Motivational, Timely Tales for Teens and Preteens in an Unjust World
With school shootings, wars, a seeming proliferation of bullying and bad behavior in the news, kids need some concrete examples of other strong, kind young people enacting positive change in the world. These new books will help inspire and energize kids.
"American Heart" by Laura Moriarty; HarperTeen; 402 pages; $17.99.
New York Times best-selling author Laura Moriarty tackles a timely topic in her latest novel for teens. Her tale is written in a personable and entertaining fashion. Though its backdrop of an America that detains Muslim-Americans is scary, it's surprisingly possible in many people's minds.
In Hannibal, Missouri, 15-year-old Sarah-Mary Williams, outspoken and confident, isn't too worried about the camps and registries, because she doesn't know any Muslim-Americans. But then she meets a Muslim lady in hiding and feels compelled to help. The two hatch a plan -- the woman pretends to be Italian, or Portuguese -- and embark on a hitchhiking quest, first only to St. Louis and then across the country, discovering courage and kindness in the most surprising places.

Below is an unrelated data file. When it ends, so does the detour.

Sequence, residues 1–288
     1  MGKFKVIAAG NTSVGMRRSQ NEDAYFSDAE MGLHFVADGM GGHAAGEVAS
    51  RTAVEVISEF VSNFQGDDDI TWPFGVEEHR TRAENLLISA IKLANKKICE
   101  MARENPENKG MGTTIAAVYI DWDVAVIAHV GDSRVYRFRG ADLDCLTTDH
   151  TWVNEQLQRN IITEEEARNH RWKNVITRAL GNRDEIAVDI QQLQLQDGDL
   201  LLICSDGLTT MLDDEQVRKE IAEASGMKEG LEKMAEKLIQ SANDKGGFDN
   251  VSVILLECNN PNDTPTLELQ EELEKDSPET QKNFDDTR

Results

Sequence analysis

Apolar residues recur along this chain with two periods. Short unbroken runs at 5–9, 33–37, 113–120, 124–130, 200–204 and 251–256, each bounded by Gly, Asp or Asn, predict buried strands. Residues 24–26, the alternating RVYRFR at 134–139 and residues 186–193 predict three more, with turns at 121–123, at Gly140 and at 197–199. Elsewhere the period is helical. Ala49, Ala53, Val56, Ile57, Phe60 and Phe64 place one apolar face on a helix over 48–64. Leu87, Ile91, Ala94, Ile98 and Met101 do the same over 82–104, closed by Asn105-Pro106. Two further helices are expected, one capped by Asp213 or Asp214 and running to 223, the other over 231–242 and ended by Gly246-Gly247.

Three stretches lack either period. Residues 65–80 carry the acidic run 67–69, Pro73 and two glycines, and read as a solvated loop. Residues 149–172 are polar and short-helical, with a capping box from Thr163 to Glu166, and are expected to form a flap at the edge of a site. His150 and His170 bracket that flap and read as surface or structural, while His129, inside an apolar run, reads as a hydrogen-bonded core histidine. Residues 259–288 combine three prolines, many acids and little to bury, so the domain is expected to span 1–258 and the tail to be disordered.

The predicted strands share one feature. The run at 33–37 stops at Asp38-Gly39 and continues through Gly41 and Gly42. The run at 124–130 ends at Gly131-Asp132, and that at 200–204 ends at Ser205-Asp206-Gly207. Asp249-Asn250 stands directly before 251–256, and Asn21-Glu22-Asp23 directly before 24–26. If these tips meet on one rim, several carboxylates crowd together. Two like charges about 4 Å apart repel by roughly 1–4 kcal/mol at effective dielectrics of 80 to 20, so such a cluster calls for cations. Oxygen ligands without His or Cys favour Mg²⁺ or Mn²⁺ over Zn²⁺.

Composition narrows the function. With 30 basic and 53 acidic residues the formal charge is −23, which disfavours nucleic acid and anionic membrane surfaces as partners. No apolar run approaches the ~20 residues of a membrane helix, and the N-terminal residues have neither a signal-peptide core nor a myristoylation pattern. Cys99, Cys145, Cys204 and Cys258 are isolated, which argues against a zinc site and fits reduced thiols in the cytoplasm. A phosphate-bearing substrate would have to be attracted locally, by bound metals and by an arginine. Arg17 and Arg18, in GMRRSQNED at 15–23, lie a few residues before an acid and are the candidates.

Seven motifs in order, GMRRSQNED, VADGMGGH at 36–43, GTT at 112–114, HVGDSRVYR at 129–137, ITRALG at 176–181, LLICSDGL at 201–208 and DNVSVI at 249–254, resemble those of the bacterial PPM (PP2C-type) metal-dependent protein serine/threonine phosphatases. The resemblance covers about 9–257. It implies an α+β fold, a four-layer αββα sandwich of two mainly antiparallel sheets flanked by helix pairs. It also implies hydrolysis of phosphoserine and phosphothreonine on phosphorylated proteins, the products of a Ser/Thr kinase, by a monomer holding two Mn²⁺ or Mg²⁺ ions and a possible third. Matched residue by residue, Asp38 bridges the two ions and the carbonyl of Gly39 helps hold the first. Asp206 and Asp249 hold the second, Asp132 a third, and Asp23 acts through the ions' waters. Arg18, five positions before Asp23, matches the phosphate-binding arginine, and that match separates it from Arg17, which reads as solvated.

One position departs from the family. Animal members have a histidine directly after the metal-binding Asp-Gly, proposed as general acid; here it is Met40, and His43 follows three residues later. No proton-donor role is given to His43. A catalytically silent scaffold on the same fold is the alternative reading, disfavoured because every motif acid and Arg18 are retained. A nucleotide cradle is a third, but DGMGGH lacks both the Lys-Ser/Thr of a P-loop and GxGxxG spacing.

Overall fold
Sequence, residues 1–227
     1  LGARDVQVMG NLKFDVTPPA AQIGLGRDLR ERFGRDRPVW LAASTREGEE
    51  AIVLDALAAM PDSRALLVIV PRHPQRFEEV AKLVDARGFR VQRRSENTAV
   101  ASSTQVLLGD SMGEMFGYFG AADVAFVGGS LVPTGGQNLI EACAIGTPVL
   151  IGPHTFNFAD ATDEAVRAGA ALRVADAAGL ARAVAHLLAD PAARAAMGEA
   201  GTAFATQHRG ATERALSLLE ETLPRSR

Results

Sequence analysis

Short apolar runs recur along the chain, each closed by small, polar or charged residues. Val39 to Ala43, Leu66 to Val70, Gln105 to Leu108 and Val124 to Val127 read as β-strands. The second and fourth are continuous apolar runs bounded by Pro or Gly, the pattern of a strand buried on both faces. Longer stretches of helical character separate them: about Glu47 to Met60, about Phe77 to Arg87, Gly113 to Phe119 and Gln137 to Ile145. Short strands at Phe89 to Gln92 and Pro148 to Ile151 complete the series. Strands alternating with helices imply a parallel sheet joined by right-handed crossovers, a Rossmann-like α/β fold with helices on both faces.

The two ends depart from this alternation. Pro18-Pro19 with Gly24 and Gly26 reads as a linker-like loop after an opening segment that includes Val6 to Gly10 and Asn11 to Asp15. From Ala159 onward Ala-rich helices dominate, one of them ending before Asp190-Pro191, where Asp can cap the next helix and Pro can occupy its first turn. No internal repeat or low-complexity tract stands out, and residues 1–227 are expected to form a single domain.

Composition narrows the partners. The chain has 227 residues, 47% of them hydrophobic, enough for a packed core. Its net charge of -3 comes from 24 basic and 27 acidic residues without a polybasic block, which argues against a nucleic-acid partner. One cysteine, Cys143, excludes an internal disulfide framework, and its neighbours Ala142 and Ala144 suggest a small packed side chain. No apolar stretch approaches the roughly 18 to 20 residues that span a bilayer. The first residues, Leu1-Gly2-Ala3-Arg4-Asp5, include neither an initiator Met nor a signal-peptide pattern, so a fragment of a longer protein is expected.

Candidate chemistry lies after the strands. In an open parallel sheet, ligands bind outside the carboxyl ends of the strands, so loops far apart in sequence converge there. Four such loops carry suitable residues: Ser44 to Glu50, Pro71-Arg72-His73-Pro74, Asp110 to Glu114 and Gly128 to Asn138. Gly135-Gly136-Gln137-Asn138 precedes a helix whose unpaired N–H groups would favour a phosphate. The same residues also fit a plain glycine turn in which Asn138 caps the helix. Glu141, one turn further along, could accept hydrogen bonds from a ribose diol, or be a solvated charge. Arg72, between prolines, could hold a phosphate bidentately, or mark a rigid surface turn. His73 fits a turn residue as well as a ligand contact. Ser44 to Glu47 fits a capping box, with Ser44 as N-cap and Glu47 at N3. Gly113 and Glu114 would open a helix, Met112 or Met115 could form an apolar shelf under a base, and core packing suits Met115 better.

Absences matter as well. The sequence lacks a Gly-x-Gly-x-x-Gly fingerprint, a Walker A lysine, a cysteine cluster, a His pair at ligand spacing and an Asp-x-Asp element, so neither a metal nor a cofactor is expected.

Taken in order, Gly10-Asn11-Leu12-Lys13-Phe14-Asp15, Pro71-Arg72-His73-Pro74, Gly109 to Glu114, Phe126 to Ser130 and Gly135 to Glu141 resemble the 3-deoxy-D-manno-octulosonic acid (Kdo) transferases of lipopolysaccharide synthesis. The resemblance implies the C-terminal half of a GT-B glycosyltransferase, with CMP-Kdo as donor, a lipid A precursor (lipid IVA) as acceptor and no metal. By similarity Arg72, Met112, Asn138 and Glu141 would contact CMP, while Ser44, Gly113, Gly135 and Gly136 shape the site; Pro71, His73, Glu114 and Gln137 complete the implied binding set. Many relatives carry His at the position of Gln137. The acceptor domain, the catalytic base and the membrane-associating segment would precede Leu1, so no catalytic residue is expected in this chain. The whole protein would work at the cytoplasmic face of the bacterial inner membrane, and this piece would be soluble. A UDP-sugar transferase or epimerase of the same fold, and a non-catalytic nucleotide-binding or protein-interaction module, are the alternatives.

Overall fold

While the topic may seem outrageous on the surface, Moriarty's writing is truly thought-provoking and reminds us of the goodness of most people. "American Heart" is truly heart-warming, entertaining and powerful, and should encourage teens to open their lives to those with different backgrounds, and those in need.
"Escape From Aleppo" by N.H. Senzai; Paula Wiseman Books/Simon & Schuster; 326 pages; $16.99.
Kids hear of Syria and Aleppo and the horrors that happen there, but they don't often understand the conflict. This middle-grade tale, aimed at readers ages 8 to 12 but perfect as well for 13- and 14-year-olds, is told in the perspective of a 12-year-old Syrian girl. Nadia and her family are forced to flee their home, Aleppo, but a bomb hits, and Nadia awakens injured and all alone. She embarks on a strenuous journey to find her family, leaves the only place she's ever known and has to fend for herself.
When Nadia meets a mysterious old man, his donkey and two orphaned boys, the group treks together through abandoned towns, bitter cold and clashing armies to make it to the Turkish border.
Alternating between flashbacks and the present, "Escape From Aleppo" uses young, resilient Nadia as a lens to gain understanding about the way the ongoing conflict in Syria affects everyone. What she and her new family have in spades is strength, humility and faith, which get them through. Heart-wrenching but hopeful, "Escape from Aleppo" introduces a world that can be unjust, hoping to motivate young people to be strong and make a difference.
"And She Was" by Jessica Verdi; Scholastic; 353 pages; $18.99.